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Salient: At Victoria University College, Wellington, N. Z. Vol. 24, No. 10. 1961.

Republic Day: 1984

Republic Day: 1984

It is Republic Day, 1984, the anniversary of the Revolution that saw the birth of the Republic of New Zealand. The Revolution had taken everyone by surprise on that day so long ago.

The World Affairs Council had been perturbed by the fact that in the years during which nuclear weapons had been available, more people in the world had died or ruined their health through alcohol than through atomic warfare. Therefore this was worthy of a demonstration "to foster a responsible awareness towards world problems."

A silent grim-faced band had marched towards Parliament bearing banners demanding "Ban the Beer," "Shut the Pubs." It was not until they had reached the grounds of Parliament House that they realised that for the first time they had really stirred public opinion.

A swirling, frothing mob wielding bottles was racing up yelling "Tear them limb from limb." "Shoot the lot." The W.A.C. demonstrators could do nothing but run into the House for refuge. As it happened, Cabinet was meeting at the time, and when they saw the thousands of blood-hungry citizens. the situation was misunderstood. The Government capitulated at once and fled through the back door to the hills.

After a brief power struggle a Revolutionary Committer was set up to organise democratic elections. The Committee then felt that the Revolution was the will of the people and that elections were not necessary.

Messrs. Butterworth (G.B.) and Gager (O.G.) in recognition of their worthy though unwitting services had been appointed special agents to ensure public contentment.

On this Republic Day a special parade and demonstration of solidarity is being held. In Civic Square are planted two new trees. It is a deep secret that these are not really trees but clever disguises for Messrs. G.B. and O.G. who are checking on public contentment. Moving silently and imperceptibly through the crowd with not a leaf out of place, they listen and watch like two tame triffids.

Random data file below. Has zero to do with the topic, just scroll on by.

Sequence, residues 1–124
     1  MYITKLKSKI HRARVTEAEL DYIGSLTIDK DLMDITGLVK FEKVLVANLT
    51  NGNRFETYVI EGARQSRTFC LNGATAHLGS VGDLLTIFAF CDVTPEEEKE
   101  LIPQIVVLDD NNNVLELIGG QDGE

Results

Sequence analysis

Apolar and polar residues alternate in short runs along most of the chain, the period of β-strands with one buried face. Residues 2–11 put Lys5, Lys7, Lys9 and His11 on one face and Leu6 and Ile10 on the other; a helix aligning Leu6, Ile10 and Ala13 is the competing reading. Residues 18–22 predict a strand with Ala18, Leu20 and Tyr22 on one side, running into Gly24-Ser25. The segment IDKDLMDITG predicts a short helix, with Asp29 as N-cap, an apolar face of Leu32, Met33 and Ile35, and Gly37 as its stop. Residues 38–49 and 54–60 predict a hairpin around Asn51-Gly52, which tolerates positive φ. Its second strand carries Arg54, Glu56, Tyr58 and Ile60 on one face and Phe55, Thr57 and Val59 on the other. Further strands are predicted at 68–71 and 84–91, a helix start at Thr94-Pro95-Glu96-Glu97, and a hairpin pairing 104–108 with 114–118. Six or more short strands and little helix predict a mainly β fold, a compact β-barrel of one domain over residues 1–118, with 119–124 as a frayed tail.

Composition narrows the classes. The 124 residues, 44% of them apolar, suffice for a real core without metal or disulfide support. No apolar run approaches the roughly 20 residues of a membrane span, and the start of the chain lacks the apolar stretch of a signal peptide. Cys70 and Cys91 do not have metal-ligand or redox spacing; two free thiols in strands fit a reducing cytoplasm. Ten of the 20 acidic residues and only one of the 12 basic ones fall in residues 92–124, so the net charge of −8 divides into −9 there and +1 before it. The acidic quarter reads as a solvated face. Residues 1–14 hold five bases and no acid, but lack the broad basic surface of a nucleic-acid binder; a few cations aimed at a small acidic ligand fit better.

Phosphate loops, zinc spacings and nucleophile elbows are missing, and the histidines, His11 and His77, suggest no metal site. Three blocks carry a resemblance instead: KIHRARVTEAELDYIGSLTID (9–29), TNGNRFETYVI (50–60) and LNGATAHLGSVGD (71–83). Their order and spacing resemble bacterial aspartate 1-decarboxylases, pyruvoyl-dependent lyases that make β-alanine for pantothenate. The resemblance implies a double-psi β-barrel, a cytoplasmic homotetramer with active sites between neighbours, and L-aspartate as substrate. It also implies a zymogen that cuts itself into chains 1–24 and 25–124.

Agent O.G. finds Mex in the crowd. Mex is a non-conformist and has always been cynical about the Revolution; his favourite joke is that the clergy are safe in their pulpits as long as they do not talk about religion or beer. O.G. holds the official view that the Revolution was due to the common-sense of the ordinary man. but Mex thinks that it merely indicates the danger of interfering with the public beer-mug.

On his bedroom wall Mex still has his rejected entry for the competition for a national crest: a beer-bottle superimposed over a goal-post. He treasures the judges' comment that the entry does not reflect the class-struggle.

Agent G.B. has moved up to B.K.G., who is potentially dangerous. It may be only a matter of time before he is sent to the work-camps at National Park for threatening public security. B.K.G. has always deplored the apathy in which the people accept each new restriction upon their freedom.

He is trying to explain to a bored bystander the need for an individual interest in politics. The bystander argues: "It's no good me doing anything, I can't stop them. Anyway this government is no worse than any other government. Don't worry, mate, she'll be right. Hey. who's going to win on Saturday?"

Someone else reminds B.K.G. that political freedom does exist. A large demonstration has been organised for this afternoon against American aggression in California. And, what's more, a man can stand up in broad daylight and publicly demand that North America be returned to the Red Indians.

B.K.G. turns with an ironic smile and lets his dog nose its way over to a nearby tree.

Peter Phipps.